Recourse Loans Create Personal Risk
Recourse loans are loans that allow the lender to come after you in case you default. You can contrast recourse loans with non-recourse loans, which create more risk for lenders. Let us take a look at recourse loans, how they work, and how to identify them.
Recourse Loans – The Recourse
Recourse loans get their name from the fact that lenders have power. They are allowed to go after you for amounts that you owe – even after they have taken collateral. If you default on a recourse loan, the lender can bring legal cases against you, garnish your wages, levy bank accounts, and try to collect the amount you owe.
A legal action to collect money after foreclosure is generally called a Deficiency Judgment.
- How Deficiency Judgments Work
- How Collateral Works
- Non-Recourse Loans
A non-recourse loan does not allow the lender to pursue anything other than collateral. For example, if you default on your non-recourse home loan, the bank can only foreclose on the home. They generally cannot take further legal actions against you. The bank is out of luck even if the sale proceeds do not repay the loan.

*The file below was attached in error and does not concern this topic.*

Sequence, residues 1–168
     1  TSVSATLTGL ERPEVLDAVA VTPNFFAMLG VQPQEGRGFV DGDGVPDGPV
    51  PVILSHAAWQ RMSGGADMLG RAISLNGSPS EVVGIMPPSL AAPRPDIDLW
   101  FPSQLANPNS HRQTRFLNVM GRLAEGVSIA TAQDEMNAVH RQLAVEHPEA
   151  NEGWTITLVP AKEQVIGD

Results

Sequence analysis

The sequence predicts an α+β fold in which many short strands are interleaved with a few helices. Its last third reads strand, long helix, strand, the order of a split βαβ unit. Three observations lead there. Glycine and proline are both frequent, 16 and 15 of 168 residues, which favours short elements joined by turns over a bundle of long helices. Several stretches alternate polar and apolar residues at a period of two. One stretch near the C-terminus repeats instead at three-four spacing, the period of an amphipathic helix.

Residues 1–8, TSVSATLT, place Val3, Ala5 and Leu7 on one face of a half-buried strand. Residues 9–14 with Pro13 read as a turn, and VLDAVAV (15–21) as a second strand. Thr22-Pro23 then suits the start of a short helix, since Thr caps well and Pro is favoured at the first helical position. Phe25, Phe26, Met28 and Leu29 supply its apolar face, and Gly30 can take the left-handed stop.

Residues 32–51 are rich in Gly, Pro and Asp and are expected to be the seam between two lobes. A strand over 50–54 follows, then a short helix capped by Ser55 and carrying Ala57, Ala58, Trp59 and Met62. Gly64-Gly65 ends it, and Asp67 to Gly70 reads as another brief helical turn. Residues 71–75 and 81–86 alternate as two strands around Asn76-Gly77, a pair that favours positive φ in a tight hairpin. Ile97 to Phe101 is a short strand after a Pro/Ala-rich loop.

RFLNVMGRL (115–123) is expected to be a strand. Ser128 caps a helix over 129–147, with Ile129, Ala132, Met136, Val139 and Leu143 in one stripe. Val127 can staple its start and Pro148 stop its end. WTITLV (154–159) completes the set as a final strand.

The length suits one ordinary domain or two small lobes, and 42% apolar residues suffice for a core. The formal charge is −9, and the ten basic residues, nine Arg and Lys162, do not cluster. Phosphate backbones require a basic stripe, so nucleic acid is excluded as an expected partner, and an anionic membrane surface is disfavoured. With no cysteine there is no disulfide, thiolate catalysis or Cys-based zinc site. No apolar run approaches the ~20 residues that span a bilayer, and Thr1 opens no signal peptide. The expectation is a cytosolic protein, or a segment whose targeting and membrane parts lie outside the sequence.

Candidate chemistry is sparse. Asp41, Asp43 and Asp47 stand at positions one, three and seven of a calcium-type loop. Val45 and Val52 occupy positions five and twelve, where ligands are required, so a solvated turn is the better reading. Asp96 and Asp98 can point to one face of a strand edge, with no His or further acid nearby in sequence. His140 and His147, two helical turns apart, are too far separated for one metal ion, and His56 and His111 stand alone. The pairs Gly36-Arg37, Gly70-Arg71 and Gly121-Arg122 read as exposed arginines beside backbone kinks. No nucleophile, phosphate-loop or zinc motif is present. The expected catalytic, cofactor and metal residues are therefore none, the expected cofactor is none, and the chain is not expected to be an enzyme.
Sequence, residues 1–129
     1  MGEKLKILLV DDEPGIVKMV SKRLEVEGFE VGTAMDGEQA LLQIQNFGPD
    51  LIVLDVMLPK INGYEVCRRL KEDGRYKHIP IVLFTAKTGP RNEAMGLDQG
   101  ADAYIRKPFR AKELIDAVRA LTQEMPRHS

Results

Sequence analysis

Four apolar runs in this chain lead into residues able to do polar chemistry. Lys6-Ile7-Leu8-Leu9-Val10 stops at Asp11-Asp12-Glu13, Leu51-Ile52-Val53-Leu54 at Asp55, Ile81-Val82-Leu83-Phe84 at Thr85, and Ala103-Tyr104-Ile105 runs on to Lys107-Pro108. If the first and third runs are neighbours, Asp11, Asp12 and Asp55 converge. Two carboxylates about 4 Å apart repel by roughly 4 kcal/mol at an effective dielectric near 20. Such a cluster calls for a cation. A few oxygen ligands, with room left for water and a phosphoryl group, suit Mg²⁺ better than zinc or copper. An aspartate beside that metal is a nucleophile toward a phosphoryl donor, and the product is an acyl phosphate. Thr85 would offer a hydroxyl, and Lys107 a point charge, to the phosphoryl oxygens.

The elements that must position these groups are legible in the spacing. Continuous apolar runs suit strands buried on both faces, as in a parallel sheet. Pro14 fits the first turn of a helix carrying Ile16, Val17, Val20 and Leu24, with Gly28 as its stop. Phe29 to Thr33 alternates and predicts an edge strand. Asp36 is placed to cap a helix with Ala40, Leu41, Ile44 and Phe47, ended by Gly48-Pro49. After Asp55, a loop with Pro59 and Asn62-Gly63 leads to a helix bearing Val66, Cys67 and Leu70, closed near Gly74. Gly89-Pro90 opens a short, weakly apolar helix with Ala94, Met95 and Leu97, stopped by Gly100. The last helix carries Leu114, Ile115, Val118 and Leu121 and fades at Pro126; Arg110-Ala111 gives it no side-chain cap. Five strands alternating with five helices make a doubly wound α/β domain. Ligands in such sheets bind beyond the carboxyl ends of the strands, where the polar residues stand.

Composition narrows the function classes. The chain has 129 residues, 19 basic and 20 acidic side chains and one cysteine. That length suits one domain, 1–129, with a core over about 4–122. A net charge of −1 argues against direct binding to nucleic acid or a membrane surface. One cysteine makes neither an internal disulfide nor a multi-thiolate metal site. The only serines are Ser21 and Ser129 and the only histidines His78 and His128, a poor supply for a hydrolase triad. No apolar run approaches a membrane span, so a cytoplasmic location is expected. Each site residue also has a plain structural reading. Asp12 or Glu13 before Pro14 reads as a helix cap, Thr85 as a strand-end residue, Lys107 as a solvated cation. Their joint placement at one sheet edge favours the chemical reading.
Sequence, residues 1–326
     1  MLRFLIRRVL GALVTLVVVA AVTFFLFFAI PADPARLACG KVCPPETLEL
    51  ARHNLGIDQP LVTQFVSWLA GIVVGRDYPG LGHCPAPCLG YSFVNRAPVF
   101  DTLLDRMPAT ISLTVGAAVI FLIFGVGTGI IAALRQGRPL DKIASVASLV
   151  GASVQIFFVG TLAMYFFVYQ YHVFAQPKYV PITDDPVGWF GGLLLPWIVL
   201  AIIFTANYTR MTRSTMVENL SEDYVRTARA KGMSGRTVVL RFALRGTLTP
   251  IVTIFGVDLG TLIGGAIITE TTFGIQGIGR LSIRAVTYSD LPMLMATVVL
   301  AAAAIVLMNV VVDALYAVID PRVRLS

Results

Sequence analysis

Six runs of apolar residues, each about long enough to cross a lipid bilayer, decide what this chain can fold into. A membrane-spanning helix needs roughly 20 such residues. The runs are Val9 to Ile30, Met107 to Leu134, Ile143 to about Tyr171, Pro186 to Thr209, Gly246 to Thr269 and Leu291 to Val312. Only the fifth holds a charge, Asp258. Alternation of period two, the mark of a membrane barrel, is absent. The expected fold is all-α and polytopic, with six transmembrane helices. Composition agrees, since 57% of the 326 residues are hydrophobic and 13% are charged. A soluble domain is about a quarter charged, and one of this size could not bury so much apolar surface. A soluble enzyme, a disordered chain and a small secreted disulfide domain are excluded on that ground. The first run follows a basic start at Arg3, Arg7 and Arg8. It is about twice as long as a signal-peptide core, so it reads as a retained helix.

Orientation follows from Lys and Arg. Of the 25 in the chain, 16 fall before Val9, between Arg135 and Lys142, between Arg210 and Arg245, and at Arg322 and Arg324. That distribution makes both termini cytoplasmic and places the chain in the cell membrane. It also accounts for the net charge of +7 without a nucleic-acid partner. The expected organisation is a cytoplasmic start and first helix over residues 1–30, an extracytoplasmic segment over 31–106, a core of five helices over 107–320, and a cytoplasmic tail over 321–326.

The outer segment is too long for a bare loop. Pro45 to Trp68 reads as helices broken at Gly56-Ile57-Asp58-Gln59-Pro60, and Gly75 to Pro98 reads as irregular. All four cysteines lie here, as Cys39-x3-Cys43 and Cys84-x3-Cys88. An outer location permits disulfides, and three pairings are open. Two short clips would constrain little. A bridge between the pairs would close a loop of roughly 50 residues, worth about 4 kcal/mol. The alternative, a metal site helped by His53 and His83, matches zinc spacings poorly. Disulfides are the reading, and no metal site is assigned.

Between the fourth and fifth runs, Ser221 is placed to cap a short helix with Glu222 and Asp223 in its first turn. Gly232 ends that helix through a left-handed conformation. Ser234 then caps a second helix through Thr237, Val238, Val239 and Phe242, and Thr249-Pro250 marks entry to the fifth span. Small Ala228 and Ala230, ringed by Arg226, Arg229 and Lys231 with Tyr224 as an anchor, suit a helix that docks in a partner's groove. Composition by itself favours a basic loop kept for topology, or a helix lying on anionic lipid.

Non-recourse loans create the most risk for lenders. Because they can only collect the collateral – and nothing else, they want to see lower loan to value ratios to reduce their risk. These loans may have higher interest rates than recourse loans.
Identifying Loan Types
You should consult your attorney or tax adviser to be certain whether you have a recourse loan or a non-recourse loan. However, you can use the information below for discussion.
State laws often dictate whether a loan is a recourse loan or not. California is best known as a non-recourse loan state that makes it hard for lenders to sue. Some states give lenders flexibility in how they pursue defaults, but many lenders choose not to sue because defaulting borrowers often do not have much to sue for.
List of State Laws on Recourse Loans
Look up your state and see your country or state’s rules on deficiency judgments.
Refinances, second mortgages, and “cash out” transactions tend to create recourse loans.
Purchase loans for your primary residence are most likely non-recourse loans in non-recourse states.